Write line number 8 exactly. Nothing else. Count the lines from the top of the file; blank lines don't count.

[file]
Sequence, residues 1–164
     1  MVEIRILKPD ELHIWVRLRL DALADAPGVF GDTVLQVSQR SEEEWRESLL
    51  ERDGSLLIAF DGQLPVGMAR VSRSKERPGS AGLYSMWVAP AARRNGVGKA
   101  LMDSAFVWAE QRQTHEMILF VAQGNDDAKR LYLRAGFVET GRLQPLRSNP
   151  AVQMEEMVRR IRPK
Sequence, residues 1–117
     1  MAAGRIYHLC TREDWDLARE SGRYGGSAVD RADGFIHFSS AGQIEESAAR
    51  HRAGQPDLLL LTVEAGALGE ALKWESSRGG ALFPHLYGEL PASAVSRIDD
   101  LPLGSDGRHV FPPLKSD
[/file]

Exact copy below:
    51  HRAGQPDLLL LTVEAGALGE ALKWESSRGG ALFPHLYGEL PASAVSRIDD